Bark spectral signatures of one-year-old twigs of different shrubs mainly depend on their biochemical traits

Authors

  • Mateja Grašič
  • Bojana Ropert
  • David Gradinjan
  • Alenka Gaberščik

DOI:

https://doi.org/10.14720/abs.64.1.15764

Keywords:

bark, pigments, reflectance, UV-B–absorbing substances, woody plants

Abstract

The interaction of bark with light depends on the optical properties of the bark, which are important for plant energy balance especially out of the vegetation season. Light reflected from bark also represents a kind of “bark spectral signature” that may be species-specific. This study examines some morphological, biochemical, and physiological traits that may affect the reflectance of the bark of 1-year-old twigs of different shrubs: Corylus avellana, Rosa canina, Ligustrum vulgare, Sambucus nigra, Cornus sericea var. flaviramea, and Viburnum lantana. High variability was seen across these species for morphological, biochemical, and physiological traits, except for photochemical efficiency of photosystem II. The bark spectral signatures differed significantly across these species. The reflectance peak for C. sericea var. flaviramea was in red, for C. avellana in green, and the other species showed a wide peak from green to red light. Redundancy analysis revealed that UV-B–absorbing substances and anthocyanin content, along with outer and inner bark thickness, together explained 61% of the reflectance spectra variability. Outer bark thickness was important for reflectance in UV, violet, and blue, while anthocyanins were important for reflectance in green and yellow. Chlorophyll b was negatively related to the reflectance of visible light. This study revealed great importance of biochemical traits for explaining bark reflectance. Differences in “bark spectral signatures” enable differentiation across species out of the vegetation season.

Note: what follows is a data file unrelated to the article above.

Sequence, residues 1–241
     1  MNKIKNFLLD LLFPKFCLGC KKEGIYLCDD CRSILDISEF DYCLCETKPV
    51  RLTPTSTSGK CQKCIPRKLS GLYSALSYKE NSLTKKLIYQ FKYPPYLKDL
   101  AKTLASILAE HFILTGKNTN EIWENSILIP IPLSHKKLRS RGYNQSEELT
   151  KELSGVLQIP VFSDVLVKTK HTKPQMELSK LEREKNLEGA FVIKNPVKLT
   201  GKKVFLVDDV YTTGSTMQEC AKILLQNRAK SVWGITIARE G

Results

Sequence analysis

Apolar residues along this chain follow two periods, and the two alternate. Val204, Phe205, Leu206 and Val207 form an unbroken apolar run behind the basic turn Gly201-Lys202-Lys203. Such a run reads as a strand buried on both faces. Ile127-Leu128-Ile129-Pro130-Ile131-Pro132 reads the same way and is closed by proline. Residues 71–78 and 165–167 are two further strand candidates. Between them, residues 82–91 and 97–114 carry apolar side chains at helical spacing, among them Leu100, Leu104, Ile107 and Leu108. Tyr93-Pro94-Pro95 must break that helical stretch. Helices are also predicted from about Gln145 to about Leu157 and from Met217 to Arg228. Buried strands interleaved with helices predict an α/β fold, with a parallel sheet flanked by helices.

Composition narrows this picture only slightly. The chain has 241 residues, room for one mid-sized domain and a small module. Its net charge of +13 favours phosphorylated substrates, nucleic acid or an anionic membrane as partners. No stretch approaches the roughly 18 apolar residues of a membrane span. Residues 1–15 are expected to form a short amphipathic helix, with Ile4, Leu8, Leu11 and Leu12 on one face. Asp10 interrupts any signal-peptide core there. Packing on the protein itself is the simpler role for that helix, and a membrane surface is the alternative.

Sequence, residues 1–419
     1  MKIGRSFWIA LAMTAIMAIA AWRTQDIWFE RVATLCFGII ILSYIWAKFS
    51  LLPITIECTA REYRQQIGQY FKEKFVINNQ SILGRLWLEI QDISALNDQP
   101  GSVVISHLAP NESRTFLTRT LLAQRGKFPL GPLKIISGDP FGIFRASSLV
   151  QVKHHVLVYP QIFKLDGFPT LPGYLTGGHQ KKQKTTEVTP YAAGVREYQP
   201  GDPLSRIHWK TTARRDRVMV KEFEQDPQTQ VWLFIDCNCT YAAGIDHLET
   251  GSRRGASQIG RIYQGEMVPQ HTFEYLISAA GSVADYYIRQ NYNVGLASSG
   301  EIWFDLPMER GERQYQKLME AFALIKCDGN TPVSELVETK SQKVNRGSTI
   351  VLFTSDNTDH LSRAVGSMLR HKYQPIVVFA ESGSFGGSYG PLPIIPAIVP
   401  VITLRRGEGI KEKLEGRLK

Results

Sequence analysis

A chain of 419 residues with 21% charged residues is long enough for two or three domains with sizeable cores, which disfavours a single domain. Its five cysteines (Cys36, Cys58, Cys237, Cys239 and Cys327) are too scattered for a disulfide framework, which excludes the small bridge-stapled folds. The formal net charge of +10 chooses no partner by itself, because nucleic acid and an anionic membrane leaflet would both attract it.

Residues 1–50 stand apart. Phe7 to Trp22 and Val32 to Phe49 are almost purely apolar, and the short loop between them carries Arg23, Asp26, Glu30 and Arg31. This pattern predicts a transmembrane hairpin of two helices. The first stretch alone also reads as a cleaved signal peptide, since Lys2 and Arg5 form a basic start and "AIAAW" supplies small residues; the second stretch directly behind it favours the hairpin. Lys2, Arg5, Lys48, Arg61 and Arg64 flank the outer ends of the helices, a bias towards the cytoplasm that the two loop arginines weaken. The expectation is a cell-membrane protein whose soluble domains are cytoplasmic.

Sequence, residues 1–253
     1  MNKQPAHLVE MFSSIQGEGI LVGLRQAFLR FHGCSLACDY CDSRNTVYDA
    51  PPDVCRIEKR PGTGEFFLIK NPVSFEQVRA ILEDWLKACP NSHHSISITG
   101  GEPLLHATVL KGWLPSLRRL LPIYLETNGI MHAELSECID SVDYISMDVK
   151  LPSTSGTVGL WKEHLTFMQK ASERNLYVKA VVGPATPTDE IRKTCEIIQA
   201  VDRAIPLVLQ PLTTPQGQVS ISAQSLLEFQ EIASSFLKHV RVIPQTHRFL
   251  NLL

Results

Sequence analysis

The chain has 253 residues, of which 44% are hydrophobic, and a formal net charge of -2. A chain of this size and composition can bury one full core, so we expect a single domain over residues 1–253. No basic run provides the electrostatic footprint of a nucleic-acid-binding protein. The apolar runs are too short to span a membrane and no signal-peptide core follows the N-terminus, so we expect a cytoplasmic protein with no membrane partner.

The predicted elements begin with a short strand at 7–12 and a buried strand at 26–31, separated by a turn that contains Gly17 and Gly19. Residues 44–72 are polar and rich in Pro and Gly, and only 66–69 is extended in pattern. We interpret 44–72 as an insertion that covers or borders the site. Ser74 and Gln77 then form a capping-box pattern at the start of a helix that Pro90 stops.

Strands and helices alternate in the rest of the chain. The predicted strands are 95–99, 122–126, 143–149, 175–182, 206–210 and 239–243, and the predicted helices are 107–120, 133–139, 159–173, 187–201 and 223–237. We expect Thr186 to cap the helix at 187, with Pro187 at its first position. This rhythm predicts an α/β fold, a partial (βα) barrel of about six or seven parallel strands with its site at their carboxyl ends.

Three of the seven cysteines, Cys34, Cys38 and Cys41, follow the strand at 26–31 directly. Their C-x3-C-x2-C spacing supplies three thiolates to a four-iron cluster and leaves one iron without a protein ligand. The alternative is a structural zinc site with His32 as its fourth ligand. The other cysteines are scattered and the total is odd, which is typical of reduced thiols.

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Published

01.07.2021

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Original Research Paper

How to Cite

Grašič, M., Ropert, B., Gradinjan, D., & Gaberščik, A. (2021). Bark spectral signatures of one-year-old twigs of different shrubs mainly depend on their biochemical traits. Acta Biologica Slovenica, 64(1), 56-69. https://doi.org/10.14720/abs.64.1.15764

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